SACRAMENTO, Calif — Reverend Edward Jensen moved his family to Las Vegas from Minnesota in the ‘70s without a clue what to do for work. One day, while searching for work, Jensen saw that the Las Vegas Police Metro Police Department was hiring.

“I didn't know a thing about police work” Jensen said. “I needed a job and they were out there recruiting."

Early in his career, Jensen shot and killed a black man in the city. It was, as cliché as it may sound, a call that changed the course of his life — from an officer enforcing the law to reverend hoping to help those who suffer.

As Jensen remembers it, he got a call one day about a robbery at a nearby gas station. The robber allegedly pulled out a gun and demanded money. When Jensen got to the gas station, the robber fled and a chase ensued.

"Next thing you know, we're in a gun battle going down the street,” Jensen recalled. “I shot one more time, and he tumbled and fell in the grass. I was actually in shock. I was just standing there scared to death."

The robber died.

Jensen went through the proper protocol at the time, and when he returned to the police station after the shooting, he said his colleagues’ reaction shook him to his core.

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"People are congratulating me and saying, 'Way to go, Eddie. You killed the S.O.B.'” Jensen remembered. “I mean, they're congratulating me for wasting this guy."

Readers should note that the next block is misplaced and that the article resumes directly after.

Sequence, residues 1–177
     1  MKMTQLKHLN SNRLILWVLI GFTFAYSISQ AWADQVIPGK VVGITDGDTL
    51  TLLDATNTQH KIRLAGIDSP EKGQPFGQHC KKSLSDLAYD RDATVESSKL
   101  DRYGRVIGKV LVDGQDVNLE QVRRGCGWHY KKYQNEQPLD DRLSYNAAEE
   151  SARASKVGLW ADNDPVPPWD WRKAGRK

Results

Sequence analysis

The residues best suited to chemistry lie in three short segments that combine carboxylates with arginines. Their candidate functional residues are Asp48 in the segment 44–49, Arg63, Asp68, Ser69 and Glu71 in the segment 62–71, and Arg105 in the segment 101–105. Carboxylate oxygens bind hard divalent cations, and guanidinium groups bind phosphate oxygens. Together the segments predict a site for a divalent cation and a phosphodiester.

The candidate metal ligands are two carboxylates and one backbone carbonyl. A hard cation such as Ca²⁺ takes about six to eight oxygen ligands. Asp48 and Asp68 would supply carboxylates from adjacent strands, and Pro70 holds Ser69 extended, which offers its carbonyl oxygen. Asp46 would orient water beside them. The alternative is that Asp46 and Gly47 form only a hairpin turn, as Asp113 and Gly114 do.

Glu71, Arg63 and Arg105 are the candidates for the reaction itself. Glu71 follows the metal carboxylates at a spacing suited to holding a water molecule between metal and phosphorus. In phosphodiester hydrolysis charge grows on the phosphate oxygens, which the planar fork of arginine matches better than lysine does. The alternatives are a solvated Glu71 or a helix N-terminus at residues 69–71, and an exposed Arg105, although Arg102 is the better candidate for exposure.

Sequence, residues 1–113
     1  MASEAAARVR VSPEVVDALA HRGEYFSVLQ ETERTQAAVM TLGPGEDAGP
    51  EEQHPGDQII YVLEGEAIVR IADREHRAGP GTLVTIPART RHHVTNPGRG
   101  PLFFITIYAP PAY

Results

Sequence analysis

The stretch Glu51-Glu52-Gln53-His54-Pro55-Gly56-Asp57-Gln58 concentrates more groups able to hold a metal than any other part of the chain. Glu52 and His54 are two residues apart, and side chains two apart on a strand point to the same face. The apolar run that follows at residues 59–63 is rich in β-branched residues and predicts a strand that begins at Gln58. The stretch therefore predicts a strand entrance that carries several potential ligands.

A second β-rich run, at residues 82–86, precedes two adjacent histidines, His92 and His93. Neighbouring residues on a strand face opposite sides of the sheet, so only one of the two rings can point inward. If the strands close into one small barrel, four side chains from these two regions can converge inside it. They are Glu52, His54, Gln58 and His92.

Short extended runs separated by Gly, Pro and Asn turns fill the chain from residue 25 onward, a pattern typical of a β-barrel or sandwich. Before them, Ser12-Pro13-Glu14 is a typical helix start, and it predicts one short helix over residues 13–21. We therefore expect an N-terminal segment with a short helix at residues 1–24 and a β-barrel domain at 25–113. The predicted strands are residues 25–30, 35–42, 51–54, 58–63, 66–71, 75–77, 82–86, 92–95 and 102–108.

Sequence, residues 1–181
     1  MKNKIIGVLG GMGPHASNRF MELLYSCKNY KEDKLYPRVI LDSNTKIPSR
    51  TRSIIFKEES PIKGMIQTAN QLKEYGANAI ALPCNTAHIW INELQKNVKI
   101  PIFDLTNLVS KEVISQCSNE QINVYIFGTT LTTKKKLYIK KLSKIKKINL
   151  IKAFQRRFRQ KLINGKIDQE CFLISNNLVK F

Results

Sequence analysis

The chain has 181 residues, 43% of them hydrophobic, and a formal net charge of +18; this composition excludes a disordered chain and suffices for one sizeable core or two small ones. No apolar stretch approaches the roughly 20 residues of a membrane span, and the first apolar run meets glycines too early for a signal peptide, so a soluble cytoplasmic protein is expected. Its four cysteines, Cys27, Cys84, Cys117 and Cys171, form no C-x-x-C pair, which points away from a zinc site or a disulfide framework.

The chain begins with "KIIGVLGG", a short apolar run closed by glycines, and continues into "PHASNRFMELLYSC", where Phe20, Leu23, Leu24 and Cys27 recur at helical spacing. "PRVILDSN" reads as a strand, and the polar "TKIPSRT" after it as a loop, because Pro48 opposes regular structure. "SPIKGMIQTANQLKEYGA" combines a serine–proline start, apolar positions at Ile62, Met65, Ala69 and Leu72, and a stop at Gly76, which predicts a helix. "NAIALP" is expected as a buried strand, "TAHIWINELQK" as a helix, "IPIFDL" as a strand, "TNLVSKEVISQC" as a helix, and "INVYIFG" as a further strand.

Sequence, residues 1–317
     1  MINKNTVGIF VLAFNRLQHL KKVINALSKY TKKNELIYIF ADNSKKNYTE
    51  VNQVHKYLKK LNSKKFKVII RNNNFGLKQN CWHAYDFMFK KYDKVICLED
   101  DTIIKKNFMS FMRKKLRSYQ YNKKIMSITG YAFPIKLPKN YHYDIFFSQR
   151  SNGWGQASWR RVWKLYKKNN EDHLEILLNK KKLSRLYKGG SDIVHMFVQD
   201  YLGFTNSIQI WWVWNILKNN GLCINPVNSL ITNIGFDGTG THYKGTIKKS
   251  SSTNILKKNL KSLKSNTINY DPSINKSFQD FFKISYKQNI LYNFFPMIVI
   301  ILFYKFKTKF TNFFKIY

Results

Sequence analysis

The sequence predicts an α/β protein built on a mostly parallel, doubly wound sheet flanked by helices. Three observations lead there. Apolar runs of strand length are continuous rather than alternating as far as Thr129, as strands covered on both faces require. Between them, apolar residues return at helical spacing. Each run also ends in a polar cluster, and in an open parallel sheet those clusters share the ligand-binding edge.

He was cleared in an internal investigation, but the emptiness he felt remained. So, his family turned to God. It took four years to find the right church to call home. Jensen said the final church that his family tried was the then-only African-American church in Las Vegas.

“I just really felt at home here, but there was something inside of me saying, ‘If I told these people what I had done, they'd say get out of this church,” Jensen said. 

But he felt compelled to come clean to the church he had fallen in love with. His opportunity came during a testimony service where parishioners could testify. 

"Next thing I know, I'm standing up during a service and I said, ‘You people don't know who I am or what I've done. And I cannot accept your love until you know what I've done. Two blocks from here, I killed a young Black man,’” he told the church that day.

“After church, I tried to find a way out instead of going through the two front doors and people mobbed us — not in negativism, but with ‘Thank you so much for being a police officer. Thank you for making our community safe. Thank you for sharing with us your story.’”

Jensen went on to start a group to help police officers deal with traumatic experiences. He was a detective at the time and worked with another cop who committed suicide in 1984. That's when he and Jerry Keller — who later became sheriff of Clark County, Nevada — came up with a plan to make the group called Metro's Police Employee Assistance Program (PEAP.)

Las Vegas Metro Police still has, and uses, the blueprint to his idea to this day. It has even been called one of the top 11 agencies with an exemplary "successful and promising law enforcement mental health and wellness strategies" by the Department of Justice, according to the Las Vegas Sun.

It's a 24/7 peer group "to address officers' psychological needs and their ability to process trauma," the DOJ's report said.

“[Officers have said] that without PEAP, they wouldn’t have made it through their traumatic incident,” Jensen said. “Seeing an officer get killed. Seeing a family in a car get wasted in a wreck. It’s not just an officer-involved shooting, it’s just life in general.

“It makes me feel better that it’s [more people involved with the training] because the department has grown so much more and the city has grown so much more.”

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